Keeping Country Live

WATCH KARRABING DISCUSS THEIR FILMMAKING

KARRABING IN THE NEWS, WATCH CLIPS FROM THEIR NEW FILM AND INTERVIEWS AT E-FLUX, #58

for inquiries write: karrabing@gmail.com

Although inspired by the life, knowledge, and world of Ruby Yarrowin (pictured above, 1960s, with first six children), Karrabing is not a clan, not a language group, not a nation. It is an aspiration. In Emiyengal, "karrabing" refers to the point at which the tide has reach it lowest point. Tide out! There is will stay until it turns, making its way back to shore. Karrabing does not have the negative connotations of the English phrase, low tide. There is nothing "low" about the tide reaching karrabing. All kinds of potentialities spring forward. In the coastal region stretching from Nganthawudi to Milik, a deep karrabing opens a shorter passage between mainland and islands. In some places, reefs rise as the water recedes. A road is revealed.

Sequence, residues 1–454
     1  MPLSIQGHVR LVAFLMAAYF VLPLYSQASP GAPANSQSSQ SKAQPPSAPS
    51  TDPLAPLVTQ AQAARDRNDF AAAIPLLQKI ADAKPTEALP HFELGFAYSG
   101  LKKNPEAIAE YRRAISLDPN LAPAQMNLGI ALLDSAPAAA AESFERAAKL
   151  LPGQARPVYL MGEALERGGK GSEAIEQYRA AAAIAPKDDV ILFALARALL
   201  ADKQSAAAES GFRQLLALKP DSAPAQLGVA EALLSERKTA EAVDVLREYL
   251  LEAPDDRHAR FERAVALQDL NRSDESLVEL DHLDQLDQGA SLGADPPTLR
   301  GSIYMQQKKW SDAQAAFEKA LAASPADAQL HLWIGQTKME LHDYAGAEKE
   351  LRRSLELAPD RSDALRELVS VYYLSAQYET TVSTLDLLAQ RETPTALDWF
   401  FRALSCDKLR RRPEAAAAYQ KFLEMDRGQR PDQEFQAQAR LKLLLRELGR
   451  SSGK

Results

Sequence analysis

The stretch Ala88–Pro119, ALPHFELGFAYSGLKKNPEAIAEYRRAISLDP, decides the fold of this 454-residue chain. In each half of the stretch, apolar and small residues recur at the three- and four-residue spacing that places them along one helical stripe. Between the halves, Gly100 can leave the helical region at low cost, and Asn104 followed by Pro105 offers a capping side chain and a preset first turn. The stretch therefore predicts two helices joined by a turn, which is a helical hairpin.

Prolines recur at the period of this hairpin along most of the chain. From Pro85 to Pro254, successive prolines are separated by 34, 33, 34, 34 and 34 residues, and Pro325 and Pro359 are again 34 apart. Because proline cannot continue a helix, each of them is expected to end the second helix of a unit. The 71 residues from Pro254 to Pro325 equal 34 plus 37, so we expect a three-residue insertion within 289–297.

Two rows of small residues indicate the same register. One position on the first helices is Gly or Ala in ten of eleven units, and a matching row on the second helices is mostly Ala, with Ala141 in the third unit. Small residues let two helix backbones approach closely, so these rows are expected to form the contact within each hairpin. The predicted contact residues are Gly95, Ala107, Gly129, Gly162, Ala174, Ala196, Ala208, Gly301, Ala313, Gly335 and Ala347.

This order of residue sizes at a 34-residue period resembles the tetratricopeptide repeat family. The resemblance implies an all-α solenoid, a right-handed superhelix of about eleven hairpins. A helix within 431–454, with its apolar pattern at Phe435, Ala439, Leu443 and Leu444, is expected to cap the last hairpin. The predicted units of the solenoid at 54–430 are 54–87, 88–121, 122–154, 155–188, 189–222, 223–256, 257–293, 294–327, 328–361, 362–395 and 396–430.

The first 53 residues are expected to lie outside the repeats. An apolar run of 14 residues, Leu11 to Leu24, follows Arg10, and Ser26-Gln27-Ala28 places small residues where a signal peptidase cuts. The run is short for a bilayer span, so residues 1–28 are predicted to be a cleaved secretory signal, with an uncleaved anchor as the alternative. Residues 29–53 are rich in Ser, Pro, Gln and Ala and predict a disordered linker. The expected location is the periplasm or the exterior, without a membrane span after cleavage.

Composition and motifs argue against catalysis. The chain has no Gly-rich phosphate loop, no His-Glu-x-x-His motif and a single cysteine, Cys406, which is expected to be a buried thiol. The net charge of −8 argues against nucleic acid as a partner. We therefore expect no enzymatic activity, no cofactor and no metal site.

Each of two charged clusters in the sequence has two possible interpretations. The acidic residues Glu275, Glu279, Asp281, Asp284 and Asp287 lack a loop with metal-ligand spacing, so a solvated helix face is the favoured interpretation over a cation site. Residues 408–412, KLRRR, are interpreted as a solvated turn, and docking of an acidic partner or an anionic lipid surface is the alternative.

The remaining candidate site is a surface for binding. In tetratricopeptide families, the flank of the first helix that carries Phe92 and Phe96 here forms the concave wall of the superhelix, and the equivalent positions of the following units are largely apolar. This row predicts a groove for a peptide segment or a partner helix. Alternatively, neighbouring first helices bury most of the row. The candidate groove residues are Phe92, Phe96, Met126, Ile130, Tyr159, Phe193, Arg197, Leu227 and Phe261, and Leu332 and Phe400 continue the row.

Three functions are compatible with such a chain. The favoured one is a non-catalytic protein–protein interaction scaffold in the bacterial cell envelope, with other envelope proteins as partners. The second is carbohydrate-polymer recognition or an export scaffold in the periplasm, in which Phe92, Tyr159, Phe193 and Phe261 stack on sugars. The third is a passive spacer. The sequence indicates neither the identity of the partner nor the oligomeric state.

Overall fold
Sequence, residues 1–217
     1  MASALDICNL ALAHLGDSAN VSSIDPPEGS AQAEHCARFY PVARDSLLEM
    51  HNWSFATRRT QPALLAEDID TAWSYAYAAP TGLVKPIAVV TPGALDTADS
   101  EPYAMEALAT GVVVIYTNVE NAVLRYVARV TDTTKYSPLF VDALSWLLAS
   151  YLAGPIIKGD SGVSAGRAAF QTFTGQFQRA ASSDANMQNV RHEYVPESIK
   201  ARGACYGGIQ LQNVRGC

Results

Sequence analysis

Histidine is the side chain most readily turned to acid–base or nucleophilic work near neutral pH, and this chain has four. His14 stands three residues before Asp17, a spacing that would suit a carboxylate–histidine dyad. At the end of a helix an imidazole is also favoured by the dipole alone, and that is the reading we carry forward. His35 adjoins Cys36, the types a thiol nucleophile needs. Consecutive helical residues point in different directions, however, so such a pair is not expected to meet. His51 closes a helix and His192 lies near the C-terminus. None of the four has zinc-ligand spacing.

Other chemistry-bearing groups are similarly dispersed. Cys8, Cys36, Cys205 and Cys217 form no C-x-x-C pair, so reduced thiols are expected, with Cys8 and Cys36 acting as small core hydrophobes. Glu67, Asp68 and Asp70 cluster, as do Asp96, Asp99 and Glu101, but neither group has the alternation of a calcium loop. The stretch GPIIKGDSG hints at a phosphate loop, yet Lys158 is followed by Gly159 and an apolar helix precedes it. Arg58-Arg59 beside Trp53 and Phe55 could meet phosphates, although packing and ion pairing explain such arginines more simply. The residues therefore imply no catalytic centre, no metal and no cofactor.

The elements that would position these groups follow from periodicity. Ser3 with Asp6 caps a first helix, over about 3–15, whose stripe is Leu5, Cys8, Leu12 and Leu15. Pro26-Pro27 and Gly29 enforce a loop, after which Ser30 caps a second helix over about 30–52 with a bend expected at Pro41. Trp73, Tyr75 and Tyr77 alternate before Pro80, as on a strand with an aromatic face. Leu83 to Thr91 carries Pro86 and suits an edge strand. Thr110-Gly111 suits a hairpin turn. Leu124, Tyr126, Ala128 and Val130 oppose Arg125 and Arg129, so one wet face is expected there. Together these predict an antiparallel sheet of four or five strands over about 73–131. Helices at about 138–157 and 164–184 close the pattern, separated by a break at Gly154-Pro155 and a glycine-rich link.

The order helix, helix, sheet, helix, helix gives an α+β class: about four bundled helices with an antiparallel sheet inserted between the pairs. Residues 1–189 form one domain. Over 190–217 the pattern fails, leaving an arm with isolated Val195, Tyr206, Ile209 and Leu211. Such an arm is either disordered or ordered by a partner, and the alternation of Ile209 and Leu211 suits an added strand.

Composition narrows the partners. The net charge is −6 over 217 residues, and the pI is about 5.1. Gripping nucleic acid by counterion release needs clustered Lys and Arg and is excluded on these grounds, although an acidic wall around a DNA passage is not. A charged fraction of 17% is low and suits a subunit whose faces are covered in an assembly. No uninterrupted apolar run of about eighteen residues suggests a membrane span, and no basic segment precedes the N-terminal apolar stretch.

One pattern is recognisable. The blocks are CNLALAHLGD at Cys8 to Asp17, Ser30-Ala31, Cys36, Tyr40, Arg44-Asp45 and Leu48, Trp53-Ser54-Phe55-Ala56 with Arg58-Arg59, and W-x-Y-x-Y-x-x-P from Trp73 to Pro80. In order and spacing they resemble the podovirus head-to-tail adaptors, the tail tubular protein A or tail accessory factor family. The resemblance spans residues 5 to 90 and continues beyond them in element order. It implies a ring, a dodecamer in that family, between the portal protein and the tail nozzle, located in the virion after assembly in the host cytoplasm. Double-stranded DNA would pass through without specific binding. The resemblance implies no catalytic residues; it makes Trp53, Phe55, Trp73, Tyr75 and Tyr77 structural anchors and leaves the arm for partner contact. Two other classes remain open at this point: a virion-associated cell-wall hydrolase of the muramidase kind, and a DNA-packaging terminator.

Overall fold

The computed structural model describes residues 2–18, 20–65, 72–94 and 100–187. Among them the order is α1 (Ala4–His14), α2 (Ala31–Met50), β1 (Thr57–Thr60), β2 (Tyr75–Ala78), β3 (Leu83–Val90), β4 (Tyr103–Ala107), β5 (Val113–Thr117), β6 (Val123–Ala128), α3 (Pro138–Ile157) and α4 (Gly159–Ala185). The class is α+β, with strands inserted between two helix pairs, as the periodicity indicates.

The Karrabing Indigenous Corporation seeks to integrate their parents and grandparents ways of life into their contemporary struggles to educate their children, create economically sustainable cultural and environmental businesses, and support their homeland centres. The Karrabing Film Collective makes films that analyse and represent their contemporary lives. But they also believe that in making their films they are keeping the country alive by acting on their country—not merely making a film representing their lives in the country, but paying attention to their country as they make a film in and about it.

KIC has written, acted, and produced two short features and is currently working to develop a mobile app for a GPS based transmedia project.